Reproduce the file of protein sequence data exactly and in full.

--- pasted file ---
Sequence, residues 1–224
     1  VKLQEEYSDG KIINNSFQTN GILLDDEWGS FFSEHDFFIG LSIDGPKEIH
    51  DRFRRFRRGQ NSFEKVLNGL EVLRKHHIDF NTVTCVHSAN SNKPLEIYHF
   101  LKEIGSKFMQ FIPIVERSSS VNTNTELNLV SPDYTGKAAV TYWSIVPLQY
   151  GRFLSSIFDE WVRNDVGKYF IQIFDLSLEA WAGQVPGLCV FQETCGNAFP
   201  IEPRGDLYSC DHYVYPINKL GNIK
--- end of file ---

Sequence, residues 1–224
     1  VKLQEEYSDG KIINNSFQTN GILLDDEWGS FFSEHDFFIG LSIDGPKEIH
    51  DRFRRFRRGQ NSFEKVLNGL EVLRKHHIDF NTVTCVHSAN SNKPLEIYHF
   101  LKEIGSKFMQ FIPIVERSSS VNTNTELNLV SPDYTGKAAV TYWSIVPLQY
   151  GRFLSSIFDE WVRNDVGKYF IQIFDLSLEA WAGQVPGLCV FQETCGNAFP
   201  IEPRGDLYSC DHYVYPINKL GNIK